New technology helps for optimal fruit ripeness

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New technology helps for optimal fruit ripeness

Consumers are three times more likely to buy a ripe pear than an unripe one, postharvest consultant Deirdre Holcroft told Produce Marketing Association (PMA) Fresh Connections delegates in South Africa.

Her talk emphasized the importance of learning and understanding new advances in postharvesting techniques, with the aim of extending shelf life.

"Studies show that 3% of consumers in the pear study would purchase a pre-pack with ripe-sensitive technology again, and 85% would increase the frequencies that they buy pears."

She explained that color ripeness sensors stuck on pears were used to show degrees of ripeness from red for 'crispy' to yellow for 'ripe and juicy'.

"Aroma products make a product taste good," said Holcroft, who showed how smell could be improved by using an ethylene release canister for smaller ripening rooms.

A magazine rack system to allow several canisters to be held together and installed in a shipping container with an automatic trigger means fruit can be ripened on board, Holcroft explained.

However, she said while ethylene was useful for ripening she described it as "an evil" when it came to storage, referring to technologies that specialize in removing the chemical.

She said at the beginning of the year there was a "big splash" about a ethylene remover It’sFresh! e+, which would extend fruit shelf life.

The product has been proven to prevent wet bruising and decay in strawberries, helping the fruit maintain its gloss, juiciness and flavor.

"It's very exciting as we never thought of strawberries as a product that reacted to ethylene. This offers a few days of extension; and from a shipping point of view, a day or two of extension of shelf life has a big impact in terms of the bottom line."

New technology in detecting ethylene is offering more sensitive monitoring of the chemical with low maintenance portable wireless and laser systems.

Holcroft said she was enthusiastic at the prospect of finer measurement and lower concentrations of ethylene which was driving industry advances.

"There's a lot of really exciting innovations in packaging, which is now being used as a technology platform."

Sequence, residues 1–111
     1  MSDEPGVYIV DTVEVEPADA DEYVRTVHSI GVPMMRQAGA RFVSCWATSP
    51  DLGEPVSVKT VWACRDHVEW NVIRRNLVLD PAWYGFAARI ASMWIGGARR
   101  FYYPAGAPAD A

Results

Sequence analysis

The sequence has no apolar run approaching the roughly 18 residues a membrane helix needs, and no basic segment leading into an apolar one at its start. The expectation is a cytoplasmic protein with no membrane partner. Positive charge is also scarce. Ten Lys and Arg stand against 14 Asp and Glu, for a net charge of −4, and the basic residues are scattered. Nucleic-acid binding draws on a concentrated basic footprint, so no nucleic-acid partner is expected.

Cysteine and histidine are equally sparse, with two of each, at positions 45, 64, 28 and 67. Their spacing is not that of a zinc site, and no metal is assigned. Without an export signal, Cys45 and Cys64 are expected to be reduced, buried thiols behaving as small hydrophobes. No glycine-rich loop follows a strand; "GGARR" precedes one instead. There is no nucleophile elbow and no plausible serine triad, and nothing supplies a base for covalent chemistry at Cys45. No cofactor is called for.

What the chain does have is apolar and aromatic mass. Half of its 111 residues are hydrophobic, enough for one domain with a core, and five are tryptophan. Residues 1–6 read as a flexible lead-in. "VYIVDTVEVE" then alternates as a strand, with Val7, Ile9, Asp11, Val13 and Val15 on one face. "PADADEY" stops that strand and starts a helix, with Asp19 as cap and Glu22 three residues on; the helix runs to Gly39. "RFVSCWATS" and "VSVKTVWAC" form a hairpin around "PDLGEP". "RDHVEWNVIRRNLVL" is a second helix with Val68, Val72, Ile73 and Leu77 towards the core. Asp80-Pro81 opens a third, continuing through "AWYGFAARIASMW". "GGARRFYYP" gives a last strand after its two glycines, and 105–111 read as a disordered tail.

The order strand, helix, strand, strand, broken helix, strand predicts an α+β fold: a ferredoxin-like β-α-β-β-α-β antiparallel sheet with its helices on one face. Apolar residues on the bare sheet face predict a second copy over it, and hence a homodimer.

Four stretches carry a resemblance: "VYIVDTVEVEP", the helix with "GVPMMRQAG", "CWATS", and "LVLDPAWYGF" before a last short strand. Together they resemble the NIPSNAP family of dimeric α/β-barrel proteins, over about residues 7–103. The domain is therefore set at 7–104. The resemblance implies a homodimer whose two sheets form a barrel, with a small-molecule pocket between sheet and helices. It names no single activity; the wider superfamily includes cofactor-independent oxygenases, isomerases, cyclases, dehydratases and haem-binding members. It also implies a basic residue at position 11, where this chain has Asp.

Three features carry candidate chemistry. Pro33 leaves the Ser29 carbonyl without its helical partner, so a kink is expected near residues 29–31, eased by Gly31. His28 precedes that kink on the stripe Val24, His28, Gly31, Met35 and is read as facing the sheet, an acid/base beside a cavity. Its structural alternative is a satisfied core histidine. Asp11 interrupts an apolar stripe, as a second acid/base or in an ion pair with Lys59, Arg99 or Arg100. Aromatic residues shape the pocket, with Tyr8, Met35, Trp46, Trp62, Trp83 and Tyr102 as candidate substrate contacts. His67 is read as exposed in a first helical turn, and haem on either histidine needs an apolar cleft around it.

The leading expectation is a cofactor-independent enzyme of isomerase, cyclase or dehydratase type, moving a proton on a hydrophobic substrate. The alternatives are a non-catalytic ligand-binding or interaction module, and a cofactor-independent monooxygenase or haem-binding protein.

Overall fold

She explained that pears were now being stored in hammock packs to prevent damage during transport and storage.

"According to consumer tests, they are 95% more desirable than tray packs, and consumers appear to be willing to pay a little more."

Holcroft said modified atmosphere packages with liquid management were on the rise extending the life span of fresh cut tomatoes.

"All these innovations are meaningless without good temperature management," said Holcroft who discussed using radio frequency identification smart cards to monitor and track heat during transport.

She also highlighted the new cloud-based wireless Purfresh Intellipur system installed in shipping containers that can monitor temperature in transit as well as the condition and location of a ship.

Innovations were also driving the value-added product industry, as shown by the successful introduction of fresh cut peach and nectarines by Fruit Dynamics Inc. laboratories.

She said Fruit Dynamics knowledge of stonefruit had been pivotal to the success of the product, which has a 15-day shelf life.

"This level of advance in the pre-cut sector is necessary because 2.5% of apples produced in the U.S. are pre-cut, which in turn is mainly because of McDonald’s alternative menu item for the Happy Meal."

Holcroft touched on more ground-breaking advances such as the controversial genetic modification of apples preventing discoloring or browning even after bruising.

She added that marketers were moving away from traditional sticky labels with the advent of a laser-based system to mark fruit such as melons.

Holcroft said she hoped the South African produce industry would pay more attention to postharvest techniques with the aim of reaping greater rewards.

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